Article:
Handling Heparin

Mar 19, 2008

FDA isn't yet ready to say that it knows why US patients died after taking the blood thinner heparin, but it has announced what sounds like a strategy for testing and controlling import of the drug in a series of cryptic poster-like documents.

According to one of these documents, FDA will issue an import alert for all heparin active ingredients and final products imported from "specified" manufacturers. The shipment will be detained until the manufacturer can supply documentation that "appropriate corrections" have been made. If the pharma supplier meets the criteria, the company and product will be removed from the alert list.

FDA did not return phone calls requesting clarification, but the document itself implies that heparin from Scientific Protein Labs in Changzhou, China?the manufacturer whose products have been linked to US deaths?will not be entering the country anytime soon.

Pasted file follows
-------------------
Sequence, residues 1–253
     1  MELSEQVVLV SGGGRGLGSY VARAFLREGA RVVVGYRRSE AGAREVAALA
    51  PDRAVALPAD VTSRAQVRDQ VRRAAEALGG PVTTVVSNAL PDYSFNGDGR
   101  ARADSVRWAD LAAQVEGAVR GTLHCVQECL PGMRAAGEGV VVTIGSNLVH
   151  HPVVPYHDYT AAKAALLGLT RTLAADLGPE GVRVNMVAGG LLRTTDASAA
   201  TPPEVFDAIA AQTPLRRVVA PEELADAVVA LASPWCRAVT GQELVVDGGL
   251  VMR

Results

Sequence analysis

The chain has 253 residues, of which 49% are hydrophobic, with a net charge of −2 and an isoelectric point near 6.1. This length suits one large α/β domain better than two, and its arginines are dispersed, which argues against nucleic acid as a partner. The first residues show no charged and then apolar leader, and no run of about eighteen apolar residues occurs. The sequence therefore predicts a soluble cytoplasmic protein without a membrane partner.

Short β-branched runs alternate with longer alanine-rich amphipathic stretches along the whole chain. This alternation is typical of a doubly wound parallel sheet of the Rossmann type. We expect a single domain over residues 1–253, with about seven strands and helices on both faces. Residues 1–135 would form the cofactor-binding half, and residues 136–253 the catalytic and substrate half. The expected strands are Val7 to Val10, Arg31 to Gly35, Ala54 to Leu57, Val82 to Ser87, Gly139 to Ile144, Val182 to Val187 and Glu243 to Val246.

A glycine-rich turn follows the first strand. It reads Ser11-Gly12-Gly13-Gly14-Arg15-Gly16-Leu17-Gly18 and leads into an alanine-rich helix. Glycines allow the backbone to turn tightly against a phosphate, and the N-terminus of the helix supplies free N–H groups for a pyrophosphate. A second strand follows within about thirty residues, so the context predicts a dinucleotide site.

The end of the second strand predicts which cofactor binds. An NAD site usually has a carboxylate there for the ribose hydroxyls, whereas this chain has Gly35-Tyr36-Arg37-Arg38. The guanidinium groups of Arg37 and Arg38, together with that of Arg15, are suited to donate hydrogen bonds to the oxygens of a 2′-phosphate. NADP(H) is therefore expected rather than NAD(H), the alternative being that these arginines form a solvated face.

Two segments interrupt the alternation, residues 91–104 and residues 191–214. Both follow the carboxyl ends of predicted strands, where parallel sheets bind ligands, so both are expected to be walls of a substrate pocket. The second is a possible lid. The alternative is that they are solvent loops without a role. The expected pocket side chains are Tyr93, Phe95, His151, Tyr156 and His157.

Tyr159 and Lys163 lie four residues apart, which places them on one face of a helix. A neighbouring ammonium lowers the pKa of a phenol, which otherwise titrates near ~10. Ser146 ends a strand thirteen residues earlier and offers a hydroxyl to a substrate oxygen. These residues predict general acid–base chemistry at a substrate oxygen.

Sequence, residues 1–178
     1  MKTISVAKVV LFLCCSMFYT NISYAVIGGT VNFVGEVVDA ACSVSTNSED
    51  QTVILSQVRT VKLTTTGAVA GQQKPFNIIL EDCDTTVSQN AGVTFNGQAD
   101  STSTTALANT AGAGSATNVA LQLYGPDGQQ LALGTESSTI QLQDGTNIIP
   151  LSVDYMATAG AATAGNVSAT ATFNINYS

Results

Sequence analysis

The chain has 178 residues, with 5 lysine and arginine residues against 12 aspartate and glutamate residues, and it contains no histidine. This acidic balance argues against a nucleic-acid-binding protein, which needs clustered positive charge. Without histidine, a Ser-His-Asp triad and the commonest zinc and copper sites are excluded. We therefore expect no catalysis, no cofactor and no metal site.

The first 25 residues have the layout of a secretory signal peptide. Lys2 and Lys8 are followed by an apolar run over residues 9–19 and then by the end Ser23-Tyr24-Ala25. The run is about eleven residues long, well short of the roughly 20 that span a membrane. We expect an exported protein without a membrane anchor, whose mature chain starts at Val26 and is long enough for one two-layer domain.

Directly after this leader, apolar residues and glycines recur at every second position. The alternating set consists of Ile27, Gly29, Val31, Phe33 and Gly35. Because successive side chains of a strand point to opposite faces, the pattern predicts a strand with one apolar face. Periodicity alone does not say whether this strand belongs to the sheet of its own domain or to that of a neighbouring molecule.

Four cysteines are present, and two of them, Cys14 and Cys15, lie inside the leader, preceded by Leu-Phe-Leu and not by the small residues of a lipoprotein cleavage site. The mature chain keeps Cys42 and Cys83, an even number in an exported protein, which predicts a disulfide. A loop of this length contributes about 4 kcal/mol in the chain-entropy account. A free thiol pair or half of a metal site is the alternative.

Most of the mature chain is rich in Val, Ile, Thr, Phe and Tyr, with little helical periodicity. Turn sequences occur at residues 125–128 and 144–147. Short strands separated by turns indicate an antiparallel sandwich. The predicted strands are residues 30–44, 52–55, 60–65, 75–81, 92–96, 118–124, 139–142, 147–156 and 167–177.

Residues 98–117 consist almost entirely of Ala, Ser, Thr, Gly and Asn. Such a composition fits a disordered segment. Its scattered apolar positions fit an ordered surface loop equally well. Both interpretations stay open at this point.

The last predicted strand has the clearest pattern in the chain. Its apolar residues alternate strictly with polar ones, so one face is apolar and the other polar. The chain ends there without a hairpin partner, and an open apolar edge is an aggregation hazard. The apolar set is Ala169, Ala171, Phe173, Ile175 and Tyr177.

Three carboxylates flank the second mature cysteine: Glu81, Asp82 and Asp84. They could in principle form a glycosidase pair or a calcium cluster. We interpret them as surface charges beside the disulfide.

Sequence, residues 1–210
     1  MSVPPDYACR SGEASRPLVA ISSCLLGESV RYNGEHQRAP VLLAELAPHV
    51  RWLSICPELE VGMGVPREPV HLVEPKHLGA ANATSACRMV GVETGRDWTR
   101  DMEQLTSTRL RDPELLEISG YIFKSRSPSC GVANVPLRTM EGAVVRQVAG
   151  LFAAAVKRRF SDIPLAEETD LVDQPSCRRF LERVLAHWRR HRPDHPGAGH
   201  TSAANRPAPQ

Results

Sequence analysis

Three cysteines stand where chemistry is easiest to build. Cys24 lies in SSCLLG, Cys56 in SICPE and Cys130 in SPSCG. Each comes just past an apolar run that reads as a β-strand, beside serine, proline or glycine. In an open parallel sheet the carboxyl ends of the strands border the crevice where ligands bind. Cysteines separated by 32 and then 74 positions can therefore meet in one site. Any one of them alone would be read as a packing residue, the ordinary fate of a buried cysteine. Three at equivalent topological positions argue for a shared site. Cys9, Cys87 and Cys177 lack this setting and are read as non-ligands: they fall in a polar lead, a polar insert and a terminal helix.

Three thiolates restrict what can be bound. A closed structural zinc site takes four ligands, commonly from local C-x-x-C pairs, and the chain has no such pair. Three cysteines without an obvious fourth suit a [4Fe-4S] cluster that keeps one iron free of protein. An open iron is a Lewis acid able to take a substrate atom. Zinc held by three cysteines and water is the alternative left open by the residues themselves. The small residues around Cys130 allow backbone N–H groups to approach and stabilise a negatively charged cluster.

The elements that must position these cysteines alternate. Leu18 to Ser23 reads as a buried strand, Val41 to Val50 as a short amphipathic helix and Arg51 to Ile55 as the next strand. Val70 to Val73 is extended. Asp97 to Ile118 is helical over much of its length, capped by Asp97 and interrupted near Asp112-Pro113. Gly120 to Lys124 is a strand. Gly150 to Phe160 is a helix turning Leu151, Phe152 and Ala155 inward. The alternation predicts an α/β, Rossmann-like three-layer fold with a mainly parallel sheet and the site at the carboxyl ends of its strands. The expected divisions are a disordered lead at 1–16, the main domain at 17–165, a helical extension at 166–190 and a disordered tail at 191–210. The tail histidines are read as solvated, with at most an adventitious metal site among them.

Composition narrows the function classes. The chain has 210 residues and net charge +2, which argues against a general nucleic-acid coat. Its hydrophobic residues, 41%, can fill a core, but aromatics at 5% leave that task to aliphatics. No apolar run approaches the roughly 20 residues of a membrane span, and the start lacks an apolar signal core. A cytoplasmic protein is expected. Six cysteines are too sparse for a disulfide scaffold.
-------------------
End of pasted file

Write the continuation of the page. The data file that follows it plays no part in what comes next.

Another cartoonish document maps out the path FDA will follow to identify what went wrong with the drug. A week ago, the agency revealed that it had found a previously unknown contaminant in suspect batches of heparin. The contaminant, a substance very similar to heparin, made up 5 to 20 percent of the batches in question and was identified with a series of nonstandard tests, including capillary electrophoresis and H-NMR spectroscopy. The new FDA document states:

  • FDA and industry are developing animal testing to determine if human adverse reactions are based on allergic reactions and to determine if there is a link to the contaminant.
  • FDA is working to identify lots linked to adverse reactions in humans with any corresponding contaminated lots.

Moving In
In related news, FDA announced that it would permanently station a team of full-time employees in China to work with local authorities and that it is considering sending employees to other countries in the future.

Although timing of this announcement appears to tie in with the heparin commotion, the feds did not say whether one had to do with the other.

"Our efforts to fill permanent FDA positions in China are a significant step toward ensuring access to safe food, drugs, and medical devices in the global market," stated Murray M. Lumpkin, deputy commissioner for international and special programs at FDA.